Samsung Galaxy Note 8 Reviews: 'Beautiful' Display and Solid Dual Rear Cameras at Premium Price
Nearly two weeks after being unveiled at an event in New York City, and with a week and a half still to go before it launches to customers on September 15, Samsung's Galaxy Note 8 smartphone has received its first batch of reviews posted online today. Many publications marked the Note 8's large 6.3-inch "Infinity Display" as a step forward for Samsung, compared the smartphone's "Live Focus" bokeh effect mode to Portrait Mode on the iPhone 7 Plus, and agreed that the lack of an explosive battery made the Note 8 a solid contender in the smartphone market.
Most reviews touched on comparing the Note 8's new dual rear camera system to that of the iPhone 7 Plus, and Engadget found that each smartphone's bokeh effect largely provides the same finished products, although Samsung's device has the edge in features. Unlike the iPhone 7 Plus, the Note 8 lets you change the blurring effect both before and after the picture has been taken, so that if the effect is too enhanced, it's easy to dial back a UI toggle and find a happy-medium spot where the Live Effect looks better.
On the other hand, in the camera's UI and in the rest of the Note 8's operating system, Engadget noted that anyone who purchases a Note 8 will have to struggle with "a little software strangeness" in the Android smartphone.
Honestly, my biggest gripes have more to do with the camera interface than the cameras themselves. Let's say you're trying to zoom in on a subject. By default, you can tap a button to switch between 1x and 2x zoom modes, but it disappears for a while after you tap on the screen to lock focus and exposure. You can still pinch to zoom in and out, but it would've been nice if the shortcut button showed up again sooner. Shooting in Live Focus mode also offers close-up and wide-angle views of your photo, and you can switch between them in your gallery.
Strangely, there doesn't seem to be a way to save the view you didn't select as a separate photo, even though earlier demo units did it just fine. There's definitely a little software strangeness going on here, and while it's never outright frustrating, Samsung could have stood to polish these apps further.
PC World called the Note 8 "the best phone Samsung has ever made, bar none," praising the smartphone's display, fast wireless charging, and 6GB of RAM. The site said that the new Samsung smartphone is "at least as fast as any Android phone" that it has used, as well as the iPhone 7 Plus.
PC World ran an extensive battery test, and came to the conclusion that while the Note 8's battery is smaller than that of the Note 7 and Galaxy S8+, "the difference was pretty negligible." That's particularly emphasized considering that the Note 7's larger battery caused Samsung to recall the entire lineup last year.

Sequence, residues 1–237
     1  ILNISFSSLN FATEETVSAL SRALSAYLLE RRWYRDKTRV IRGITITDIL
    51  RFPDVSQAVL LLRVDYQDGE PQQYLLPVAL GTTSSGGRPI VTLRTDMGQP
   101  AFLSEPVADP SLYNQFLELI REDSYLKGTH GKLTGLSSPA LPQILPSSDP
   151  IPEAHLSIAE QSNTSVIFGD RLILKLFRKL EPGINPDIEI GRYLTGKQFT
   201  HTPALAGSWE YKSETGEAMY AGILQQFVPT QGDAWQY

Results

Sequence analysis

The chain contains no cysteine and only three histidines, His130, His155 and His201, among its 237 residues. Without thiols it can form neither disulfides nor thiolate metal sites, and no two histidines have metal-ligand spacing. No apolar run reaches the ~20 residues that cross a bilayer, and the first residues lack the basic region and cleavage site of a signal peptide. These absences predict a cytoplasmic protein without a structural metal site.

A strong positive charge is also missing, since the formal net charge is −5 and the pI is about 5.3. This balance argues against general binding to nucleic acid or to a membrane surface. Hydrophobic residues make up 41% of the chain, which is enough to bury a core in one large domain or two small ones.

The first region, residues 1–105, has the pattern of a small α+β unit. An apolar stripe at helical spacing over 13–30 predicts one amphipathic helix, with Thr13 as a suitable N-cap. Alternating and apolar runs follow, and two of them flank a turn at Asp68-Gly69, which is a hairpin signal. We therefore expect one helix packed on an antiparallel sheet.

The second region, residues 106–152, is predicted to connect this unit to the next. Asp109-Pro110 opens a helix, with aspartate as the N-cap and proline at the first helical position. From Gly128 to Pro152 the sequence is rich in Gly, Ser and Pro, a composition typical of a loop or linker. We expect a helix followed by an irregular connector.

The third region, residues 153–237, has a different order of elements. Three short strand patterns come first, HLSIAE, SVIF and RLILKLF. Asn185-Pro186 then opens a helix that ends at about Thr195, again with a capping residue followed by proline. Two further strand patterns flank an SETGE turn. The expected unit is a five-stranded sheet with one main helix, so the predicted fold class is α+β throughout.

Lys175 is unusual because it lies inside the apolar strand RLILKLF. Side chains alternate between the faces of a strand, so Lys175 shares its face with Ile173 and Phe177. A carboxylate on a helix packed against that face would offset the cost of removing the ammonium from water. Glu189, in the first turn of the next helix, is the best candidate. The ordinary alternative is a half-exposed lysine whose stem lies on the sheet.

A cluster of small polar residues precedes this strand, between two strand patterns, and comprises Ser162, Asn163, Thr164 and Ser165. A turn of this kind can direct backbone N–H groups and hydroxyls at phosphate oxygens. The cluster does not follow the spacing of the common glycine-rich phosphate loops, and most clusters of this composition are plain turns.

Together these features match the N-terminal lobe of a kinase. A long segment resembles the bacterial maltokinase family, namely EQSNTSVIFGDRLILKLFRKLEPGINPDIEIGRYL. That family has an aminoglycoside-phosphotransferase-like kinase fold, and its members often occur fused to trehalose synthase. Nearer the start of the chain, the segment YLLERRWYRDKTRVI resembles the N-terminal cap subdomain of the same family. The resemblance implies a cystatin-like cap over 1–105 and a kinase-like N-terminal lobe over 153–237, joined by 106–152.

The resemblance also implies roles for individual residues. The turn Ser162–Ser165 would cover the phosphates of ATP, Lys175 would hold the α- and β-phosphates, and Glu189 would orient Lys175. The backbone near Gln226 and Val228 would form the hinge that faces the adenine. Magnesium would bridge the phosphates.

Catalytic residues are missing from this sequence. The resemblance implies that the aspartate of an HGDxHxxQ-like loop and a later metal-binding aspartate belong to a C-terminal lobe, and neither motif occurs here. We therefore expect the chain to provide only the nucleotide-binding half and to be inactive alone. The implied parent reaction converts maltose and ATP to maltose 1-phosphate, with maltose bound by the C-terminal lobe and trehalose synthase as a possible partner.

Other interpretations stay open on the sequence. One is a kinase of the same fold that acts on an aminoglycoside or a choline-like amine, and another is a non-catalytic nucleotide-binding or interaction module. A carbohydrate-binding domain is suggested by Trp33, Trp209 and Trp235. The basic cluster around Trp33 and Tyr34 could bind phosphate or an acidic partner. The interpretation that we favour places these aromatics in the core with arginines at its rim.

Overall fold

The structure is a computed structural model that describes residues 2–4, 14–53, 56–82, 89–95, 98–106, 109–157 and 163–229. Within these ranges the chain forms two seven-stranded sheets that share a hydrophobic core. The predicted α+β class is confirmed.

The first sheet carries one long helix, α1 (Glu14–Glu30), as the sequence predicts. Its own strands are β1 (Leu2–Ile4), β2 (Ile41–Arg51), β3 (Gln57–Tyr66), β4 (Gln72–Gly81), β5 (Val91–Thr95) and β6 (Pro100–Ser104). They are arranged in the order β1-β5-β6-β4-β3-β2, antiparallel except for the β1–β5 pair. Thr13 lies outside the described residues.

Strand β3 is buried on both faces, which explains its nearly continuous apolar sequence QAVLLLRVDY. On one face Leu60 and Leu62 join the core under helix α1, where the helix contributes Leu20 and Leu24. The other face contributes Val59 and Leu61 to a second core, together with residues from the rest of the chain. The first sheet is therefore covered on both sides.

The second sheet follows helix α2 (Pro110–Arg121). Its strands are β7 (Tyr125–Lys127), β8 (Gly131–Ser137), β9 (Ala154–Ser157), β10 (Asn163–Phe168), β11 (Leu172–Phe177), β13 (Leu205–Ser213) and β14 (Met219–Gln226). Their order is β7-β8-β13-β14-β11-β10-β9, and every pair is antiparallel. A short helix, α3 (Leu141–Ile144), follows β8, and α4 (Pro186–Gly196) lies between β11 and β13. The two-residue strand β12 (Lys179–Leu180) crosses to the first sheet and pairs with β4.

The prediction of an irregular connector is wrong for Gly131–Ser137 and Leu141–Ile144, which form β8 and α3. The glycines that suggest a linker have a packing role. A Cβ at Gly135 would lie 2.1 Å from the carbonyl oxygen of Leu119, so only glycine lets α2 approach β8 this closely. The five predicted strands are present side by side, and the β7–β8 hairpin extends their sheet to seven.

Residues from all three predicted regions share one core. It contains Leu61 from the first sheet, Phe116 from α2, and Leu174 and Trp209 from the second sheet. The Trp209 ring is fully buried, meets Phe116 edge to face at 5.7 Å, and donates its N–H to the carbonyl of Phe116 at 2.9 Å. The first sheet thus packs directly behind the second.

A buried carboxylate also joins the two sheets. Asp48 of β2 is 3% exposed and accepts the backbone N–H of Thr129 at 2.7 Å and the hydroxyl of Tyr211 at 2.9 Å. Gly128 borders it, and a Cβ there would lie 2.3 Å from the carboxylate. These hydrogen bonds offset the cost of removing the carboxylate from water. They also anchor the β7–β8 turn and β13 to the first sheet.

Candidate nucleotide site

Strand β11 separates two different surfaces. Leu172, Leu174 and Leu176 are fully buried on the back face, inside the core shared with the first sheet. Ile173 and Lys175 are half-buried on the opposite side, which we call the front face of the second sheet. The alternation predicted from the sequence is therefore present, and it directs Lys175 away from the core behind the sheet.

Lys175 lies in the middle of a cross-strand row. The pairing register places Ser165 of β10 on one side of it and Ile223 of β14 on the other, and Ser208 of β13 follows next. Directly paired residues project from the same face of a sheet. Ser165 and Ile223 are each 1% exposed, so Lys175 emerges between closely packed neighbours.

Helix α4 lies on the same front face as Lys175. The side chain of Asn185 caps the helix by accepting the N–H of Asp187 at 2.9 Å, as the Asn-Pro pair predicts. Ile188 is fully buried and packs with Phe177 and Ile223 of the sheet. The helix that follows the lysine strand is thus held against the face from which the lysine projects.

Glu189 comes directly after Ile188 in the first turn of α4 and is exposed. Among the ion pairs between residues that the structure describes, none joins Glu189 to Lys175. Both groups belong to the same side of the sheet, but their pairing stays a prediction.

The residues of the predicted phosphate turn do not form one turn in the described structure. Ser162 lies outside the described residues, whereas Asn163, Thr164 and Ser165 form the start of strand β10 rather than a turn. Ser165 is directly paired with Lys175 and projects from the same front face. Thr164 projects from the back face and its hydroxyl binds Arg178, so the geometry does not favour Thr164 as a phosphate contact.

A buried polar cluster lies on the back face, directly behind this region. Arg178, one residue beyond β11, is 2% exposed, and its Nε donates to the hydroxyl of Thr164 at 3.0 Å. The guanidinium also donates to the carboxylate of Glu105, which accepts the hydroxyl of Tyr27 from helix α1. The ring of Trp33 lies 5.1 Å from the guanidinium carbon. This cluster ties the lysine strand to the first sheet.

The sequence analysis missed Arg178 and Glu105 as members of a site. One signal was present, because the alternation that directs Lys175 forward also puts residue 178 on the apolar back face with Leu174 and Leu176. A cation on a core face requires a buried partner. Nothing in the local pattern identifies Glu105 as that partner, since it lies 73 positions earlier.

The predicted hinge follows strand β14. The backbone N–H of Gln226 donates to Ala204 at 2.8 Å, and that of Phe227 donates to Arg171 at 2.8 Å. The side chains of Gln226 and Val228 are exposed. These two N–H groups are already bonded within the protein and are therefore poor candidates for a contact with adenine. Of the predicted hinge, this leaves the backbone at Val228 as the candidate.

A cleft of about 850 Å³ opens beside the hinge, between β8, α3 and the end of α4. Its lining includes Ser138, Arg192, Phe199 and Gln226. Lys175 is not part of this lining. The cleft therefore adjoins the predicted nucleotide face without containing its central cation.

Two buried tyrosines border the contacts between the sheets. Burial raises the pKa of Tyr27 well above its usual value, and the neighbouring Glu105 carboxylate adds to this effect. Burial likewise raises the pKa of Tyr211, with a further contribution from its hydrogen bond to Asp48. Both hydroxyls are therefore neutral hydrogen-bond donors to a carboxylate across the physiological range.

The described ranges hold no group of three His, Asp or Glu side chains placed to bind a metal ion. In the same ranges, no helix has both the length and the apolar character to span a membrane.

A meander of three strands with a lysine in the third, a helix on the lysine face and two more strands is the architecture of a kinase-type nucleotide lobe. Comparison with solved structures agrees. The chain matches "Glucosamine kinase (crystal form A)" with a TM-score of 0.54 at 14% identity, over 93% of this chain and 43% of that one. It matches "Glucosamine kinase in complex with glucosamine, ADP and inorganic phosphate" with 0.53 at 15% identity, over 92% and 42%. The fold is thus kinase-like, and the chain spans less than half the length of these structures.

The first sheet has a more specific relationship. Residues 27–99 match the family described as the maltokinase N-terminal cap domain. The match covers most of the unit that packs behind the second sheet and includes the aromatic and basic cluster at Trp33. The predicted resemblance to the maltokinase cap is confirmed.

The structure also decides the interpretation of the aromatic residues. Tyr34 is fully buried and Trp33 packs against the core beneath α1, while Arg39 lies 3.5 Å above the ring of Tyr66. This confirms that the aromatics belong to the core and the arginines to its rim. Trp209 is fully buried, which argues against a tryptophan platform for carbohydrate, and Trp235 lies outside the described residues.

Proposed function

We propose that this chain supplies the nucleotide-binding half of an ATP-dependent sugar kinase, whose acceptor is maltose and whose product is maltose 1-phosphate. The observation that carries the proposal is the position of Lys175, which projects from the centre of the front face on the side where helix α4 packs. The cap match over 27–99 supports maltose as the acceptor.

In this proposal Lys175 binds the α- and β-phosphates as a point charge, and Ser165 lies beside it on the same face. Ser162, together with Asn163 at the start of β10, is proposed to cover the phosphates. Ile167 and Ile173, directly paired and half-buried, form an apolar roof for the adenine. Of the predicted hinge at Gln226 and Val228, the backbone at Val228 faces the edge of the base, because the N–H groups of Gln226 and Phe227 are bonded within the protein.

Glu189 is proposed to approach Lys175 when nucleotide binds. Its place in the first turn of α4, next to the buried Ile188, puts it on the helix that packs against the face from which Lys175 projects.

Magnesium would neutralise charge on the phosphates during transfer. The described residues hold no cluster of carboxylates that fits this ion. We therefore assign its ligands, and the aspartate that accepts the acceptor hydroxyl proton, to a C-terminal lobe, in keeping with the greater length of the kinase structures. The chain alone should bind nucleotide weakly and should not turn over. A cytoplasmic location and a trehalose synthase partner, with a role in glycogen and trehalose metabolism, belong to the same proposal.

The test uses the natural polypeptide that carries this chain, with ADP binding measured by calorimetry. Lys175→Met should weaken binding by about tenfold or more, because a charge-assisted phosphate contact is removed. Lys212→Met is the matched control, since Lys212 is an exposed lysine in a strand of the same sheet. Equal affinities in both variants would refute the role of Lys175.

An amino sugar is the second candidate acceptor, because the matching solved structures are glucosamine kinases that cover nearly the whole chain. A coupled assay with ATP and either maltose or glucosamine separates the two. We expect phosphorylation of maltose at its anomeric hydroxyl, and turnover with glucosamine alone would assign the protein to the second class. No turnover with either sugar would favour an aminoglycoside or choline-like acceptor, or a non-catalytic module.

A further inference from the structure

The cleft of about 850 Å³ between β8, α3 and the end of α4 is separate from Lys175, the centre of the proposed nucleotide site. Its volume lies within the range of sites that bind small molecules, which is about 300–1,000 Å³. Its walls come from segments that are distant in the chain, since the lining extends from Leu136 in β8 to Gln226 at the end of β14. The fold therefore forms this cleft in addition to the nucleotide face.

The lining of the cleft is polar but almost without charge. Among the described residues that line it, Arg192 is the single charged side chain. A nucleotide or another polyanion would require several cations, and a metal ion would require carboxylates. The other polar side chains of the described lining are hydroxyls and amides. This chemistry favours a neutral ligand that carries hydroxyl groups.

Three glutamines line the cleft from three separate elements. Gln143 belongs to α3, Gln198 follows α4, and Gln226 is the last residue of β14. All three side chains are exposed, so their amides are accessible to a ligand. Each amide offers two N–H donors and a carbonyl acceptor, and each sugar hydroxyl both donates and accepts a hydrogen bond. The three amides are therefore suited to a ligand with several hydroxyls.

In response, the Note 8’s battery is just 3,300mAh, which is smaller than the 3,500mAh batteries in both the Note 7 and the S8+. I’m no engineer, but my guess is that the S Pen slot, the extra rear camera, and an abundance of caution necessitated the downgrade. But fear not, because in my real-world testing, the difference was pretty negligible.
The Note 8 easily lasted through a full day of heavy use, and benchmarks hit the 9-hour mark, running circles around the Note 7 and even besting the Galaxy S8+. Samsung has clearly spent considerable effort optimizing the Note 8’s battery for the chip and the OS, so there’s no need to risk another disaster by squeezing in a too-large battery just to fill out a spec sheet. Simply put, the battery on the Note 8 shouldn’t be a concern, whether you’re worried about it lasting or exploding.
The site liked the three biometric unlocking methods available on the Note 8, including finger, eye, and face scanning. On the downside, most publications -- including PC World -- still question Samsung's decision to keep the fingerprint scanner on the right side of the rear camera system.
While The New York Times called the Note 8's display "the best screen" currently available for a smartphone, the publication lamented most of the device's security measures, calling facial and iris scanning "marketing gimmicks," as well as pointing out smart AI assistant Bixby's downfalls.
That brings us to what stinks about the Note 8. Some of the biometrics, including the ability to unlock your phone by scanning your face or irises, are so poorly executed that they feel like marketing gimmicks as opposed to actual security features.
At the end of the setup, Bixby explicitly says it is not perfect and it is working to improve all the time. So why should anyone use it? Nobody wants their time wasted by an assistant who is insecure and incompetent.
There are numerous other reviews floating around online for the Galaxy Note 8, all of which also comment on the smartphone's premium price point, which starts at around $930 and rises depending on storage capacity and carrier. Check out more reviews from the following sites: The Verge, TechCrunch, Wired, Quartz, TIME, Gizmodo, Mashable, and The Independent.
While comparisons are drawn to the current generation of iPhone devices, we're now exactly one week out from Apple's long-awaited debut of the so-called iPhone 8, iPhone 7s, and iPhone 7s Plus. The company confirmed the September 12 event last week with an invitation that said, "Let's meet at our place." The event will be the first held at the Steve Jobs Theater at the company's new Apple Park campus in Cupertino, California.